Because parental MDA-MB-468 cells have been shown to be only weakly metastatic,52 we considered the possibility that spontaneous metastases would not have adequate time to develop before the primary tumor grew to such a size that required sacrifice of the animals for humane purposes. Therefore, mice were either subjected to surgery at ∼12 weeks after injection to remove the primary tumor (mean tumor volume = ∼1500 mm3) or sacrificed at 12 weeks and assessed for metastatic burden. In the surgery group, spontaneous metastases were given time to develop for a further 12 weeks, and mice were sacrificed 24 weeks after injection and assessed for metastatic burden. Tumor resection surgeries were performed as described previously.54 All surgical procedures were done under general anesthesia using a ketamine/xylazine mixture administered by intraperitoneal injection.

At end-point, animals were euthanized and necropsies performed. Tissues and organs (including lymph nodes, lung, liver, spleen, pancreas, kidneys, ovaries, brain, and any other tissues of abnormal appearance) were examined superficially for evidence of gross macroscopic metastases before processing for histology. Primary tumors and mouse tissues collected at necropsy were fixed in 10% neutral-buffered formalin before processing. Tissues were embedded in paraffin wax, sectioned (4 μm thick), and subjected to standard H&E staining. Stained slides were evaluated by light microscopy in a blinded fashion by two independent pathologists to observe histopathological characteristics and to determine micrometastatic involvement.

Animal care and surgical procedures were conducted in accordance with the recommendations of the Canadian Council on Animal Care, under a protocol approved by the University of Western Ontario Council on Animal Care.

Statistical Analysis

For clinical studies, logistic regression methods were used to determine the effect of various independent factors on (sentinel or axillary) node positivity. The Wilcoxon two-sample test and Spearman rank correlation were used to determine the effect of various independent factors on the number of (sentinel, axillary, or total) nodes. The association between OPN in the primary tumor and OPN in the (sentinel or axillary) lymph node was evaluated using the Wilcoxon signed rank test, and the association between OPN in the primary tumor and (sentinel or axillary) lymph node positivity (involvement by metastatic carcinoma) was examined using a two-sided Wilcoxon two-sample test.

For experimental studies, statistical analyses were performed using Sigma-Aldrich Stat analysis software (Access Softek Inc., San Rafael, CA). For in vitro experiments, statistical differences in means between groups were determined by a Student’s t-test. For in vivo animal studies, a two-sided z-test was used to compare proportions. Differences between means were determined using the Student’s t-test when groups passed both a normality test and an equal variance test. When this was not the case, the Mann-Whitney rank-sum test was used. In all cases, P values of ≤0.05 were regarded as being statistically significant.


Factors Associated with Sentinel Lymph Node and Axillary Lymph Node Status in Patients Undergoing Sentinel Lymph Node Biopsy for Breast Cancer

Histopathological analysis was performed in a group of 106 patients undergoing sentinel lymph node (SLN) biopsy for breast cancer. Of the 106 patients, 17 underwent SLN biopsy only, and the other 89 patients had both SLN biopsy and concomitant or subsequent axillary lymph node (ALN) dissection. The demographics of this patient population are presented in Table 1. Primary tumor size and lymphovascular invasion were significantly associated with both SLN and ALN positivity (SLN: P = 0.007, ALN: P = 0.032), whereas age, Scarff-Bloom-Richardson tumor grade, and estrogen or progesterone receptor status were not. Similarly, primary tumor size and lymphovascular invasion were significantly associated with total number (SLN plus ALN) of lymph nodes involved (P < 0.001), whereas age, tumor grade, and hormone (estrogen or progesterone) receptor status were not. The number of positive SLNs was significantly associated with both ALN positivity (P < 0.001) and the number of ALNs involved (P < 0.001).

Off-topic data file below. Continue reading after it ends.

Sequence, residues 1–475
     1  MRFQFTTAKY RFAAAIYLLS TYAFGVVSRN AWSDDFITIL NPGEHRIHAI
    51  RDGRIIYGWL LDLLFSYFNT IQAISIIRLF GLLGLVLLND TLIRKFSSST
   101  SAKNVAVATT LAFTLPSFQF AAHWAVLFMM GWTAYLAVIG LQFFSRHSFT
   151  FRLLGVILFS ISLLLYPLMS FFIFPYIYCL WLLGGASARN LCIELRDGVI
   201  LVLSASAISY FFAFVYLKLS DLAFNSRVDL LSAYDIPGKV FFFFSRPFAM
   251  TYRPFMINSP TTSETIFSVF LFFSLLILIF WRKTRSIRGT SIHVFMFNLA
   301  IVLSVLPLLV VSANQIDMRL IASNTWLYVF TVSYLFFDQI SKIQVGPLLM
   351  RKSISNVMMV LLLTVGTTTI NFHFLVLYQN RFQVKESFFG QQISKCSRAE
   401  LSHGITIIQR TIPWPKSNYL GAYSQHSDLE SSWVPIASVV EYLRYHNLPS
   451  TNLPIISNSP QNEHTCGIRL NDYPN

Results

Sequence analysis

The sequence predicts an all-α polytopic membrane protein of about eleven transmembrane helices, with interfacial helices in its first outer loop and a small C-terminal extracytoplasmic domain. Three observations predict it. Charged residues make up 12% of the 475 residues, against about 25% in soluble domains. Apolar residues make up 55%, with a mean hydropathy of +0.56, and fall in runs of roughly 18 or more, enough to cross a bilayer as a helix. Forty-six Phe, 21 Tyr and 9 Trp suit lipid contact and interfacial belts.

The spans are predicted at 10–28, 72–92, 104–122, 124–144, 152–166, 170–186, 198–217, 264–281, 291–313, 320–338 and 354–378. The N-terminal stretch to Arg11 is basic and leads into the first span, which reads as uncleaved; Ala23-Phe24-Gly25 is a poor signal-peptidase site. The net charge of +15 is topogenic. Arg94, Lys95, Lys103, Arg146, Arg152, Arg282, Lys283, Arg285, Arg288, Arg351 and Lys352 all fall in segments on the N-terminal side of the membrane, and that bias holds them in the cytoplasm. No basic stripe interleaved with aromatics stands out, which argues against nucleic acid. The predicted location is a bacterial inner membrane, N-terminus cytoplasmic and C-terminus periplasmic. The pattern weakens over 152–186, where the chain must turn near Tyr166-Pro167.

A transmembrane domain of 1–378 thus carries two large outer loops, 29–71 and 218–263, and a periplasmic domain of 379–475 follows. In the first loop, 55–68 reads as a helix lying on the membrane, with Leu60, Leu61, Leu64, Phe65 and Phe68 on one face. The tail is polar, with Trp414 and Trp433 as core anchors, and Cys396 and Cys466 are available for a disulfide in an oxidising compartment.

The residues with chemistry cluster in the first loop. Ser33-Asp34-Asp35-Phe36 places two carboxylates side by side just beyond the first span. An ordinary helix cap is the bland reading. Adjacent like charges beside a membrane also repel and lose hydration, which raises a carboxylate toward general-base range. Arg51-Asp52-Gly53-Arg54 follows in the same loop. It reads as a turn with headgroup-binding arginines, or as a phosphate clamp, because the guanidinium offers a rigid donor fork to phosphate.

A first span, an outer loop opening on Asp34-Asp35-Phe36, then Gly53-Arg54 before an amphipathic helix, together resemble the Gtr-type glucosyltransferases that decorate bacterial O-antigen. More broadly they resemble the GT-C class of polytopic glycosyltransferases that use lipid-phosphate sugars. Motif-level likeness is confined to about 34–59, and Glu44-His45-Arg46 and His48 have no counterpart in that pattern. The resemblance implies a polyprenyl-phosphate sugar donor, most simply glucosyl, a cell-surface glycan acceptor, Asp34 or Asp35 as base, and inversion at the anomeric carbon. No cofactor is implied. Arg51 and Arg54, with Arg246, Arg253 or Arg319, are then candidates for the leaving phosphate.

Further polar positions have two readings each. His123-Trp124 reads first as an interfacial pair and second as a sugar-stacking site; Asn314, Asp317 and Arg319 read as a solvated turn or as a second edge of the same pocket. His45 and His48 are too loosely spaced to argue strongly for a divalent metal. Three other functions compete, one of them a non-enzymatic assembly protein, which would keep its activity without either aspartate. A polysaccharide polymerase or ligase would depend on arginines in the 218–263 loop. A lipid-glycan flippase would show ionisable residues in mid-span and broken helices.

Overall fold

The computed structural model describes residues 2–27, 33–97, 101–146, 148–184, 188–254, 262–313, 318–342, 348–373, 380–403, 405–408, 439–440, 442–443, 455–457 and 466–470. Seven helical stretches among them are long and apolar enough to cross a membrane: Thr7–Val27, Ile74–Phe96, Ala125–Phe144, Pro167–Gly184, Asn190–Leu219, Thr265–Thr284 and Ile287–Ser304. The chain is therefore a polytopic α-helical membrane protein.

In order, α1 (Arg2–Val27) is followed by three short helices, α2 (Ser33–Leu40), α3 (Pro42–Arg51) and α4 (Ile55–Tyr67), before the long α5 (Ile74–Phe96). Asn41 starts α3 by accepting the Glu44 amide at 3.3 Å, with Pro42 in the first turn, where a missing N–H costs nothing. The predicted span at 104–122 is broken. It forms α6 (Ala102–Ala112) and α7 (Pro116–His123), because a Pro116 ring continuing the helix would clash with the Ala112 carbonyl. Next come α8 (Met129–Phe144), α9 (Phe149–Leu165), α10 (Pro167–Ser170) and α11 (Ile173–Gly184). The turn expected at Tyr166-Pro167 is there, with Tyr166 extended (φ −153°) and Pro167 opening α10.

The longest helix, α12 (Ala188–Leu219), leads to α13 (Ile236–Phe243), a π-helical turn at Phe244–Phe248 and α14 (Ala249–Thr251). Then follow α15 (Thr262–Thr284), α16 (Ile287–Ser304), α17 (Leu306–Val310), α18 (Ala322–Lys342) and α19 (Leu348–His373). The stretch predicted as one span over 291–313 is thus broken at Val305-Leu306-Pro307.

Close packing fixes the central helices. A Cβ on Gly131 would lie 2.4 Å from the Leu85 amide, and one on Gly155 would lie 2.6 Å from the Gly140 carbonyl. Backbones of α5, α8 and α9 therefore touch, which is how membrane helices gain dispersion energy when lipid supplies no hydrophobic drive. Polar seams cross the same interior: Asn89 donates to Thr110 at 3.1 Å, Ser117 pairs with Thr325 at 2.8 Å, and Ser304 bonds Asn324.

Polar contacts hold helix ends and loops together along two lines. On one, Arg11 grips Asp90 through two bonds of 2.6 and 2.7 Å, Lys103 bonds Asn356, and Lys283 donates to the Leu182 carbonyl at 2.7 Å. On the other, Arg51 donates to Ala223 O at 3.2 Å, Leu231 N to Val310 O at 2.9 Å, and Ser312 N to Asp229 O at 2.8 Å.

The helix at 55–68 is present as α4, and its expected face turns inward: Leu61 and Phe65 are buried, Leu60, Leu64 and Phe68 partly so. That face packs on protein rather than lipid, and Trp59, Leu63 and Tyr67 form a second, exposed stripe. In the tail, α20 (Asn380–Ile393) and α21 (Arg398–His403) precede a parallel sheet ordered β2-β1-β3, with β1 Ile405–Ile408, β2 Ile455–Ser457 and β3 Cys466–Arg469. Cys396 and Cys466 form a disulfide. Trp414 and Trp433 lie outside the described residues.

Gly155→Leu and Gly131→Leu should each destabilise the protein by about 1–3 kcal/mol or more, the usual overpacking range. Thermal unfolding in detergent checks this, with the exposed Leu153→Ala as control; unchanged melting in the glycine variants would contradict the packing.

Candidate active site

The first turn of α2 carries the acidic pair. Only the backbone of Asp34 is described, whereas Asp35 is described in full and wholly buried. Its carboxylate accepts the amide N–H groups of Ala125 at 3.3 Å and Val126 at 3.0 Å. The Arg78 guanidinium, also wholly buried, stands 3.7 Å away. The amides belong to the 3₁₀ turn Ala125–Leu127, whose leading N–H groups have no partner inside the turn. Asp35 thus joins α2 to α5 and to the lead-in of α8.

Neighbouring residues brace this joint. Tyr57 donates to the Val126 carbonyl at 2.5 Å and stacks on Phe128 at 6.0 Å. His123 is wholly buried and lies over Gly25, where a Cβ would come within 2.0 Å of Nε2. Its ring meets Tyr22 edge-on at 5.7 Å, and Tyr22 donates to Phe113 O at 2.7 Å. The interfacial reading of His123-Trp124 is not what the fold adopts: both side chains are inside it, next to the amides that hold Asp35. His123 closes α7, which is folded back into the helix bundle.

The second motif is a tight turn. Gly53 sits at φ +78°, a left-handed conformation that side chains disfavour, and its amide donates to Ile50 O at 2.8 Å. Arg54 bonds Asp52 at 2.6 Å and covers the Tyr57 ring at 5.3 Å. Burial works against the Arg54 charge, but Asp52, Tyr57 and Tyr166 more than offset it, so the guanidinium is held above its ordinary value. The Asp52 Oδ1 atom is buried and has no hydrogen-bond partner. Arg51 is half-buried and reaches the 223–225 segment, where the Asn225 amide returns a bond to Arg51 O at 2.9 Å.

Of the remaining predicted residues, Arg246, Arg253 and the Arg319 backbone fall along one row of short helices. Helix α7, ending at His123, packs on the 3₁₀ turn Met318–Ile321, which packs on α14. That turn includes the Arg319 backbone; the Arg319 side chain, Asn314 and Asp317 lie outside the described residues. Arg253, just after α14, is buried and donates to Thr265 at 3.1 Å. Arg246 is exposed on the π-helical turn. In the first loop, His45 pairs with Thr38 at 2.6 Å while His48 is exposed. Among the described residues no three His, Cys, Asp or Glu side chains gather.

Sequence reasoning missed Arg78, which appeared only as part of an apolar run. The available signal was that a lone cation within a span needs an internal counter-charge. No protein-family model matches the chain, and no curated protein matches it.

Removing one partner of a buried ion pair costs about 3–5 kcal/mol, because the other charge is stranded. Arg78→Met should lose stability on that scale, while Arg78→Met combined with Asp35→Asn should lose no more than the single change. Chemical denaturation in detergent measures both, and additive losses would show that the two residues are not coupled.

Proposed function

OPN Is Overexpressed in Lymph Node Metastases of Breast Cancer Patients

Immunohistochemical analysis of OPN expression was performed on the primary tumors of 64 lymph node-negative cases and 42 lymph node-positive cases and on the lymph node metastases of 34 cases. OPN staining was scored using the semiquantitative system23,24,50 described in Materials and Methods. Mean OPN levels were significantly higher in lymph node metastases than in the primary tumor (P < 0.001) (Table 2 and Figure 1, C and D). Furthermore, there was a trend toward increased OPN levels in the primary tumors of patients with lymph node-positive versus lymph node-negative disease (Table 2), although this difference was not significant within the power of the present study (P = 0.694). Staining for OPN expression in normal breast tissue (negative control) was focal and faint (Figure 1A). Dystrophic calcifications in the primary tumor and follicles/germinal centers and perifollicular areas in the lymph node (where present) showed strong OPN staining (Figure 1, B and D, respectively) and served as an internal positive control. OPN staining localized to calcifications or normal surrounding cells was excluded from quantification, and only that OPN staining confined to the tumor cells themselves was quantified.

Figure 1
Immunohistochemical analysis of OPN expression in primary tumors and lymph node metastases of breast cancer patients undergoing sentinel lymph node biopsy. Formalin-fixed, paraffin-embedded tumor and lymph node samples were subjected to an immunoperoxidase ...
TAble 2